The leaves can be harvested during the growing season and used fresh or dried for later use.

The seeds are used as a tonic

                               

Nutritional and medicinal information

Some of the active chemical constituents of tulsi are: oleanolic acid, ursolic acid, rosmarinic acid,eugenol, carvacrol, linalool, β-caryophyllene (about 8%)

Tulsi essential oil has been found to consist mostly of eugenol (~70%) β-elemene (~11.0%), β-caryophyllene (~8%) and germacrene (~2%), with the balance being made up of various trace compounds, (mostly terpenes).

Isolated O. sanctum extracts have some antibacterial activity against E. coli, S. aureus and P. aeruginosa.

 

Benefits of Tulsi :

Helps relieves stress / adaptogen

Bolsters immunity

Helps Enhances stamina

Provides support during cold season

Helps Promotes healthy metabolism

A natural immuno-modulator

 

                               

Harvesting and preserving

Tulsi seed is easy to germinate and grow. Sow the small Tulsi seeds in early spring indoors or in the greenhouse for an early start, or sow Tulsi seed directly in the spring or summer garden. Sow Tulsi seeds just under the surface of the soil and press in firmly. Keep Tulsi seed watered and warm until germination, which occurs within 2 to 3 weeks (faster for Kapoor). Tulsi prefers full sun, rich soil, and plenty of water. Thin or transplant to 1 to 2 feet apart. Tulsi does well in pots or window boxes, and is traditionally grown for good luck near the front door of the house.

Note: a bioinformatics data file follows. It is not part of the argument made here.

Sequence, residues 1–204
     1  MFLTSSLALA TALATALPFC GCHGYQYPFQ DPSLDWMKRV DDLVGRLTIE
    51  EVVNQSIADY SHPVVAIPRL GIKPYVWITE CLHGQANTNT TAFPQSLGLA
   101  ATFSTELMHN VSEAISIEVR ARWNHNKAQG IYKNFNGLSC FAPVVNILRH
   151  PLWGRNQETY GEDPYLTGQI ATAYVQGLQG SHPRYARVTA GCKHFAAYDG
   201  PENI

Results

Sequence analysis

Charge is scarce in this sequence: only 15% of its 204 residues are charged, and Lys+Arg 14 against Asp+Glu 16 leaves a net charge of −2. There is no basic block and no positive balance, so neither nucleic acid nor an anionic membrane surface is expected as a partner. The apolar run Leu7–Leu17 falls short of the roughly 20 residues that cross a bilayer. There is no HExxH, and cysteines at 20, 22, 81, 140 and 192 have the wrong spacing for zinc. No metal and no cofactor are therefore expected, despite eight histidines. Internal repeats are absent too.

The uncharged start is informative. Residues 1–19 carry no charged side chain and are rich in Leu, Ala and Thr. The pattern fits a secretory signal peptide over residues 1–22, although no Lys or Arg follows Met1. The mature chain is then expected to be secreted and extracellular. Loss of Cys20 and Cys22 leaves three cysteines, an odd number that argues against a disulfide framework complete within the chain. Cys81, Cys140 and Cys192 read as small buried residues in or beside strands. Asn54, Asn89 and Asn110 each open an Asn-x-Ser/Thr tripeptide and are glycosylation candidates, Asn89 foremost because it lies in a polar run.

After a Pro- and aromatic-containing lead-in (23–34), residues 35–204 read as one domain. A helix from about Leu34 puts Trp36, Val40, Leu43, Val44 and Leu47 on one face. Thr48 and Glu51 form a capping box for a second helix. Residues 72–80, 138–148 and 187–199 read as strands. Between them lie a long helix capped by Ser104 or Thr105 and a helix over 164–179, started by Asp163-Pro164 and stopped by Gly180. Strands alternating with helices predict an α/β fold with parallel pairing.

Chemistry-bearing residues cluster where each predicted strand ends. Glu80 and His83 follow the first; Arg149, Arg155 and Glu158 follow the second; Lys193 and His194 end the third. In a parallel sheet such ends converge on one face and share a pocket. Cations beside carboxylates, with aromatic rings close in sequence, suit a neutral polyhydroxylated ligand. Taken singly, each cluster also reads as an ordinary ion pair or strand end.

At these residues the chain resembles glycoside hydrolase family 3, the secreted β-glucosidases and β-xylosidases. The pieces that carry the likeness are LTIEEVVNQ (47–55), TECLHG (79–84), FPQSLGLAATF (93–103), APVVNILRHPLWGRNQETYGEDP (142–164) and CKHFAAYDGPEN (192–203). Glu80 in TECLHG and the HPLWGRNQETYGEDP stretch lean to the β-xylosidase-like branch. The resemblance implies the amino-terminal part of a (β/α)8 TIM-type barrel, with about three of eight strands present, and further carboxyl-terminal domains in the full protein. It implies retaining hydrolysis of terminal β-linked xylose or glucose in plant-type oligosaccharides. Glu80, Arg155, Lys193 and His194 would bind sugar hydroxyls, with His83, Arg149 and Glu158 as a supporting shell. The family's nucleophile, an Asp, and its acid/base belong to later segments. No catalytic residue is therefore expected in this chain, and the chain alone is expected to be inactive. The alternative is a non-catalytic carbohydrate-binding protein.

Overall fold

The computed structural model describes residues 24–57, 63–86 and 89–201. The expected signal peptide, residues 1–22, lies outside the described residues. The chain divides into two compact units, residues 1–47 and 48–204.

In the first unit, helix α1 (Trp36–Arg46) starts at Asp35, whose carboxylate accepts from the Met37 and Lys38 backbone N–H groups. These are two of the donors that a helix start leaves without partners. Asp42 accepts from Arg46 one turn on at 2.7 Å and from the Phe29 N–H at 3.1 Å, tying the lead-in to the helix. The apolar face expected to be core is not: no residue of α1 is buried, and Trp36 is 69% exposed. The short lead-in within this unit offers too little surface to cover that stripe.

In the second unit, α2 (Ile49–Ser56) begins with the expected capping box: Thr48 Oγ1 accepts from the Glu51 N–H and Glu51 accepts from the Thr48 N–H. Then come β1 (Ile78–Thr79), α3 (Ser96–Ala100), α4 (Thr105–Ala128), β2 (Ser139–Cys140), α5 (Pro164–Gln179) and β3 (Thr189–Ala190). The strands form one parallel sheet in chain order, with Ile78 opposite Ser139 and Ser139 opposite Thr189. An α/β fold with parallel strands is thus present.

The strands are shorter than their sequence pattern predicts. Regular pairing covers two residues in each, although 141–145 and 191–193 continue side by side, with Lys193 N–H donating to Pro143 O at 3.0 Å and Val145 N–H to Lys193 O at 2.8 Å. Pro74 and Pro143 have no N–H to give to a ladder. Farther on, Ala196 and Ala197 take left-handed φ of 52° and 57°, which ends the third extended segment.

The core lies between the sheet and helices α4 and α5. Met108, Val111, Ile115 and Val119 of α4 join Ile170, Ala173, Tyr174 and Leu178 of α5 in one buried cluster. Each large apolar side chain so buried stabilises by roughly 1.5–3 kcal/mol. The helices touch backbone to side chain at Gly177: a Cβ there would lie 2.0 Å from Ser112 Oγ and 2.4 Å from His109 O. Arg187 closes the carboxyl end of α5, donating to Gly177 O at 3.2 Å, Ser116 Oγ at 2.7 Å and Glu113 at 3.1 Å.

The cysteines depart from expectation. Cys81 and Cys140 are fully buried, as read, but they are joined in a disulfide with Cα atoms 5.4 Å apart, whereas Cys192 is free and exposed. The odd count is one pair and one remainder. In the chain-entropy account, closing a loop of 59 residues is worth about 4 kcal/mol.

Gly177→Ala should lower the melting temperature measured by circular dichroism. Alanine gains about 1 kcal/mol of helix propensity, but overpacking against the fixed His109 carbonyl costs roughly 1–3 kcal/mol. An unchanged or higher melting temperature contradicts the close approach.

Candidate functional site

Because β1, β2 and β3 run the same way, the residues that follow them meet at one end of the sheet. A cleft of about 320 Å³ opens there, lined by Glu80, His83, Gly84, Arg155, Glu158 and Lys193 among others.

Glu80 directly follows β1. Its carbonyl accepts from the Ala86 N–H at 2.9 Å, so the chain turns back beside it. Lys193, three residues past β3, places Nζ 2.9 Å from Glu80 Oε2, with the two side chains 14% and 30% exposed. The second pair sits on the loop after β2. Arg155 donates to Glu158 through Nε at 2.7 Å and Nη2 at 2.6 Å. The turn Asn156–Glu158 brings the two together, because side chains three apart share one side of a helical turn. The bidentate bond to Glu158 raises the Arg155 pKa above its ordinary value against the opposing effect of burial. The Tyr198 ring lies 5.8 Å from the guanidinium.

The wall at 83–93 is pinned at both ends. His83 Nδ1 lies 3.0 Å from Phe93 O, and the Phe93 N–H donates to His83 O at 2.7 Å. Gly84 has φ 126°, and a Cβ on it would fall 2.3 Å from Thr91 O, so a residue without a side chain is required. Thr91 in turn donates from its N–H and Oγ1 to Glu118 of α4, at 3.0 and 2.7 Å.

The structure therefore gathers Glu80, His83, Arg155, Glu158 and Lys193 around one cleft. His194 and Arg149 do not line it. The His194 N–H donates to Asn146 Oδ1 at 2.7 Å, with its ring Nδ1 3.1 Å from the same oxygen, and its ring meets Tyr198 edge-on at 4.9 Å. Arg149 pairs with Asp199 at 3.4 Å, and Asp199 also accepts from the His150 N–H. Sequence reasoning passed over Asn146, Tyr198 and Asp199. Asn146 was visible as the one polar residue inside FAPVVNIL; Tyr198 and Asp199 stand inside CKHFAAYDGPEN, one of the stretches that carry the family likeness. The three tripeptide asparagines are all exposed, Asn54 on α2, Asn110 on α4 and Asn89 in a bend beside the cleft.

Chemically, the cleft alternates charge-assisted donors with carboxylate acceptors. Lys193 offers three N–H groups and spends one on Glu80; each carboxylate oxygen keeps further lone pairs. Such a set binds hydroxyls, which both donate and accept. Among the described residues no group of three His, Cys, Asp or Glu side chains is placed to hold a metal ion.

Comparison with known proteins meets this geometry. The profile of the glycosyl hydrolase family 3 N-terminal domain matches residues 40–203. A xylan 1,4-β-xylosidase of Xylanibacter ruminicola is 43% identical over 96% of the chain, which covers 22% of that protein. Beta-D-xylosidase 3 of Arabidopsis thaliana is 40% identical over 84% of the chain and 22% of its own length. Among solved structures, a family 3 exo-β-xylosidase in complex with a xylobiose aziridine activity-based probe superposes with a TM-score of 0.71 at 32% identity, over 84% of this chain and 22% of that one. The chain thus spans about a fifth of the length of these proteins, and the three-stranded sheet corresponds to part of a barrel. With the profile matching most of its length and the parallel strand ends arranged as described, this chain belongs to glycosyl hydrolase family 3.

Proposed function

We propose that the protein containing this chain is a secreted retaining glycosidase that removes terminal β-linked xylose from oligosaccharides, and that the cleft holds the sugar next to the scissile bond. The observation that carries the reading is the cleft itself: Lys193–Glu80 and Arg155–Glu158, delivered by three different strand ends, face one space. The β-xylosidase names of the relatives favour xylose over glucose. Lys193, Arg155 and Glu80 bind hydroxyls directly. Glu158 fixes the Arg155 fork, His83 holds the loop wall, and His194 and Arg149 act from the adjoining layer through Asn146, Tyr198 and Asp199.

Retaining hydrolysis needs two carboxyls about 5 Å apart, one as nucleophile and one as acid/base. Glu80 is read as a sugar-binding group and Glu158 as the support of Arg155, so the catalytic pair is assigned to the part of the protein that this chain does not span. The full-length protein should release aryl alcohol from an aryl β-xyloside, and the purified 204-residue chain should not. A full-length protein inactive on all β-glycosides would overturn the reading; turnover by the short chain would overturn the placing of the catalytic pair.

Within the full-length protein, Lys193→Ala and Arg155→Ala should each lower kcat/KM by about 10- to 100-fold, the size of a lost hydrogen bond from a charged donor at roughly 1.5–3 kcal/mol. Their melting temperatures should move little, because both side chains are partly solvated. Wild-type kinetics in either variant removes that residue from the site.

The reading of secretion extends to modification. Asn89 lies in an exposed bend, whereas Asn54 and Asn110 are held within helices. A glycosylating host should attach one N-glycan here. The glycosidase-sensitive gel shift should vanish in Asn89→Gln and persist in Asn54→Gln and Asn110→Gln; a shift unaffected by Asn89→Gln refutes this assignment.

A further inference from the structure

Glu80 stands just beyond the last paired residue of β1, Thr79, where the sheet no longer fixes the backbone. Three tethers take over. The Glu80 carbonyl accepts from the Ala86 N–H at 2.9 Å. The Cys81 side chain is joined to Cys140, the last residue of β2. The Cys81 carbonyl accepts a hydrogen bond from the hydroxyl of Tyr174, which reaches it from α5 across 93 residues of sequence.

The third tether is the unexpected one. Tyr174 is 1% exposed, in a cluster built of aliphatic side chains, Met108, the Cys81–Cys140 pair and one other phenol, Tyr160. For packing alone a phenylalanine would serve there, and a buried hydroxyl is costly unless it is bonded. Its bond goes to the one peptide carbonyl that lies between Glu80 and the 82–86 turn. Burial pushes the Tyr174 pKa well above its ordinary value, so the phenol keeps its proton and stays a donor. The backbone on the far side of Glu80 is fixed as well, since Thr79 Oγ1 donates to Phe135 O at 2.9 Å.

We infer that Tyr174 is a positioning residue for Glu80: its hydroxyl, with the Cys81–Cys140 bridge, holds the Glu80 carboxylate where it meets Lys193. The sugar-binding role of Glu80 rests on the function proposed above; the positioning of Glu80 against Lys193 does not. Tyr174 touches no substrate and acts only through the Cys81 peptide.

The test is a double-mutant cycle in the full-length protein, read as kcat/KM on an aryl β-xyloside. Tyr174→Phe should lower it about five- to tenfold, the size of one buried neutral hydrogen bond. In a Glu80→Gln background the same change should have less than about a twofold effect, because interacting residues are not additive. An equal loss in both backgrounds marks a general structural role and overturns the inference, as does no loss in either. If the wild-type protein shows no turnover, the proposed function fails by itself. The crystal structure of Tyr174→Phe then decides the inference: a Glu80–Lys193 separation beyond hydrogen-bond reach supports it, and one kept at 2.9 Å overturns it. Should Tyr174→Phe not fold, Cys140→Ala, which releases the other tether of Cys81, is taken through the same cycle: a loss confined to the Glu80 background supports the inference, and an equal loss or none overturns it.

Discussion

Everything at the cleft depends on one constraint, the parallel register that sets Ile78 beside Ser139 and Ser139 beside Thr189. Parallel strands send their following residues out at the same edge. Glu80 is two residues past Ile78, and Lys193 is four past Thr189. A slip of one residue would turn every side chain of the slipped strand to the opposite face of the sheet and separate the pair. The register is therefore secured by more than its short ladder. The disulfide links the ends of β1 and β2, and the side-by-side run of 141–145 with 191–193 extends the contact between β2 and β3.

Propagation and Storage

A plant of the moist to wet, lowland tropics, where it is found at elevations up to 1,000 meters. It grows best in areas where annual daytime temperatures are within the range 20 - 28°c, but can tolerate 15 - 35°c. When dormant, the plant can survive temperatures down to about -1°c. It prefers a mean annual rainfall in the range 1,000 - 3,000mm, but tolerates 700 - 7,600mm.

Prefers a moist but well-drained soil in a sunny position. Prefers a rich, light, well-drained to dry soil and a position in full sun. Prefers a pH in the range 6 - 7.5, tolerating 5 - 9. Cool, humid, overcast weather causes the plants to succumb to grey mould.

The twigs can be harvested only one month after planting out the young plants, and thereafter at periods of every two weeks during the growing season.

The plant attains full bloom stage (maturity) 65 - 70 days after transplanting.

There are several named varieties

                               

Other uses

For centuries, the dried leaves have been mixed with stored grains to repel insects. In Sri Lanka this plant is used as a mosquito repellent. Sinhala: Maduruthalaa

The stems are cut into beads for rosaries             

                               

Classification

Kingdom:              Plantae

Division:              Spermatophyta

Sub-division:        Angiospermae

Class:                    Monocotyledonae

Sub-Class:           Gamopetalae

Series:                  Bicarpellatae

Order:                   Lamiales

Family:                 Labiatae/Lamiaceae

Genus:                 Ocimum

 Species:              tenuiflorum

 

References

http://www.flowersofindia.net/catalog/slides/Tulsi.html

https://en.wikipedia.org/wiki/Ocimum_tenuiflorum

http://indiabiodiversity.org/species/show/33205

http://tropical.theferns.info/viewtropical.php?id=Ocimum+tenuiflorum

http://archive.allayurveda.com/tulsi-herb.asp